Monday, January 5, 2015

What you may not know: Week of January 5

I hope everyone had a safe and happy holiday season, and the transition back to work today is going smoothly for all of you who had the chance to take a break during that time. The Appleton Common Council is back to work this week with our first scheduled council meeting of 2015, along with a few committees, boards and commissions that have been rescheduled after being postponed over the last couple of weeks.

City Plan Commission, Monday, 4 pm

The first of those rescheduled meetings will happen today when the City Plan Commission meets in special session to again consider a proposal to redevelop an abandoned industrial building in the Flats  (the former A-C Compressor building at 218 E South Island St) into residential space.

I discussed this item briefly before it came before the commission on November 24, noting that it's always a good thing when we're seeing interest in redeveloping unused spaces. At that time I also mentioned some related infrastructure challenges, however, and we're still seeing that. Here are some of my concerns:

  • First of all, the current use of much of the active property in this area is industrial, including the Neenah Paper facility adjacent to this space. That facility is active 24 hours daily and draws a significant amount of heavy truck traffic to South Island Street, which would be the only entrance and exit for this planned development. 
  • The way the existing building was constructed also creates some challenges, as it was built almost right up to the lot line on every side and redevelopment would require exceptions to our zoning code regarding setbacks. Most troubling for me is a two-foot setback from South Island Street on portions of the south side of the property. That's not even enough space to construct a full width sidewalk to keep pedestrians off the road.
  • That problem is exacerbated by limited available parking. Zoning code would require 114 parking spaces be made available to serve this development's 60 units, but space only allows 101. The assumption has been that some of this building's occupants will use transit or bike, but I'll note again that doing so will require them to walk or bike down a street with significant truck traffic and limited availability of sidewalks.
  • Because the building nearly butts up against the lot line on multiple sides, there's not much green space available here. Zoning code requires new development to be 35% green space, and this property would have just 18%.
  • As you might imagine given the lack of setbacks, green space and parking, this project's density on a per-unit level is nearly double what we would typically allow. Our zoning ordinance requires 3000 square feet per unit for multi-family housing, while this development would have just 1396, or less than half of that.
We have the authority to grant exceptions to our zoning code, but when we're being asked for this many exceptions I think we need to take a step back and ask ourselves if we should. While I recognize the benefits of redevelopment for the city, I think it only works if the resulting properties are safe and the residents living there will have an acceptable quality of life. I'm not convinced either of those baseline criteria are met here. There are space, noise and pedestrian safety concerns that make it very hard for me to approve this in good conscience.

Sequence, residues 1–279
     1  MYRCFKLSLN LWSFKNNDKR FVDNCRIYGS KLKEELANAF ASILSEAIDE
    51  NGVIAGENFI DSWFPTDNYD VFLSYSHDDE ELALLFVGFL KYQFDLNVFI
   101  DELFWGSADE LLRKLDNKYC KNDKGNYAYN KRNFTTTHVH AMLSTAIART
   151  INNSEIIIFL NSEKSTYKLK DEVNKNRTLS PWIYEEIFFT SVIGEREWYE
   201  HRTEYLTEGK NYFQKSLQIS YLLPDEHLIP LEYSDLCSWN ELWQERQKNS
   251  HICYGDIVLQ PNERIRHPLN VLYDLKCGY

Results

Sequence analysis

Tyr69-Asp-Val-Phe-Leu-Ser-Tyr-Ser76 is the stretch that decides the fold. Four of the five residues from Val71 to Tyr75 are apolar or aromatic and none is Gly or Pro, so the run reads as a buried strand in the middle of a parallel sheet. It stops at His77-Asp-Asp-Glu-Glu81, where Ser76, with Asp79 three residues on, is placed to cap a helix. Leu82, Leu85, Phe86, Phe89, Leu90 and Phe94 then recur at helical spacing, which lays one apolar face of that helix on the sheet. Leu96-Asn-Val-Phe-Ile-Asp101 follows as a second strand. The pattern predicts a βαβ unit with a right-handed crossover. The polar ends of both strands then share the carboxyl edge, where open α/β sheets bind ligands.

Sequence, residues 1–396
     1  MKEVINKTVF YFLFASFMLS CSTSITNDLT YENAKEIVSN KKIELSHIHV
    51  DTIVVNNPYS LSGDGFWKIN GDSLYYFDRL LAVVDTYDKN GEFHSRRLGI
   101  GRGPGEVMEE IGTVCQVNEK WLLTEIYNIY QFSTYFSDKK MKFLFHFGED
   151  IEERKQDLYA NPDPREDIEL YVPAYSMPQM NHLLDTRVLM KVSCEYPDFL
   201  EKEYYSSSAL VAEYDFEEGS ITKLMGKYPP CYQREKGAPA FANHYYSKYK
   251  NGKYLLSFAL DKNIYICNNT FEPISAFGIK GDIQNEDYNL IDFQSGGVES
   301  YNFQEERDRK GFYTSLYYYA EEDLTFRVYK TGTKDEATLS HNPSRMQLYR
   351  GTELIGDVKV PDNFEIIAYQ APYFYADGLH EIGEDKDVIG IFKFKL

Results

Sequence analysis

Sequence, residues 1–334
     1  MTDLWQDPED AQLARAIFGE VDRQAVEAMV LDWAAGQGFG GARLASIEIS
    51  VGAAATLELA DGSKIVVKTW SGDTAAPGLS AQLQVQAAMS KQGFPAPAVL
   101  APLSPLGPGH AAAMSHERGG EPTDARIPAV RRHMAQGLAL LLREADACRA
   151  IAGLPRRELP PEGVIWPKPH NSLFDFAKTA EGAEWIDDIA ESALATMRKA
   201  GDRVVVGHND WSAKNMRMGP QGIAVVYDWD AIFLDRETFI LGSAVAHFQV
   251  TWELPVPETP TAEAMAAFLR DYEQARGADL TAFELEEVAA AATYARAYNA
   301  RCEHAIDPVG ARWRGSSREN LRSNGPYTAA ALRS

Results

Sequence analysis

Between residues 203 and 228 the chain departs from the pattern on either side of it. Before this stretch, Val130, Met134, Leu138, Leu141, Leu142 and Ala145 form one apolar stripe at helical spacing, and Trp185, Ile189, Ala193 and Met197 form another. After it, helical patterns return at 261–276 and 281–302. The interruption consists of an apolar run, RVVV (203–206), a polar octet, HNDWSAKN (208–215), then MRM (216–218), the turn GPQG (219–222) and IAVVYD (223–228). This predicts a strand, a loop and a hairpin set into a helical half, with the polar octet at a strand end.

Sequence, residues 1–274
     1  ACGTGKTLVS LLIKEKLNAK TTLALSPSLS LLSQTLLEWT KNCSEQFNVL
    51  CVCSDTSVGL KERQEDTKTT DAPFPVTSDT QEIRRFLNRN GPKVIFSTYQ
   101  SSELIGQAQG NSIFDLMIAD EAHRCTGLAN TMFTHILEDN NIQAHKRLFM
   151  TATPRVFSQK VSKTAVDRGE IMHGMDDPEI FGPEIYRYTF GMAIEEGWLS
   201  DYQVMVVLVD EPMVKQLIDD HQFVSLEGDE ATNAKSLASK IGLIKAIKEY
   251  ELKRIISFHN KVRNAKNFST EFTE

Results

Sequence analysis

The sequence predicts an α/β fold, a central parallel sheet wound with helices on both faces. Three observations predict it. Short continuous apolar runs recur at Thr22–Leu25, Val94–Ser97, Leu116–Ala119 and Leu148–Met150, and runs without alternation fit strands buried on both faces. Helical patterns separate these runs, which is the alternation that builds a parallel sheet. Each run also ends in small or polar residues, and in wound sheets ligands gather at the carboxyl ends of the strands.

The commission's decision will appear as a recommendation when this item appears before the full council on Wednesday. It will likely be overshadowed, however, by another long-awaited decision:

Exhibition Center

On Wednesday, for the third time, council will be asked to vote on a purchase agreement between the city and Outagamie County to purchase the property for a proposed Exhibition Center south of the Radisson Paper Valley. This item was held once to make minor modifications to the agreement and was held two weeks ago due to confusion regarding the posting of the updated agreement, but is likely to be acted upon this week.

The land purchase agreement is the first of several steps that would need to fall into place for this project to become a reality. The purchase would only take place if the city can reach an agreement with the hotel on a lease for the facility and neighboring communities agree to raise their respective room taxes to help pay for its construction. As such, a vote to approve on Wednesday isn't a guarantee that this project will proceed.

However, both this purchase agreement and the project as a whole are problematic for me. The purchase agreement calls for us to significantly overpay for this property as compared to its assessed value and make concessions to the county that will cost us parking revenue going forward. Furthermore, the fact that the city will eventually hold ownership over the completed facility leaves the taxpayers holding all of the risk should something go wrong. 

You can see agendas for all of this week's meetings and the full schedule at the city's Legistar page.

Keeping you informed on issues that may impact you around the city is one of my primary goals as an alderman. Making the council's activity as accessible as possible to as many people as are interested is part of my goal to make it easier for more people to get involved with issues that matter to them.

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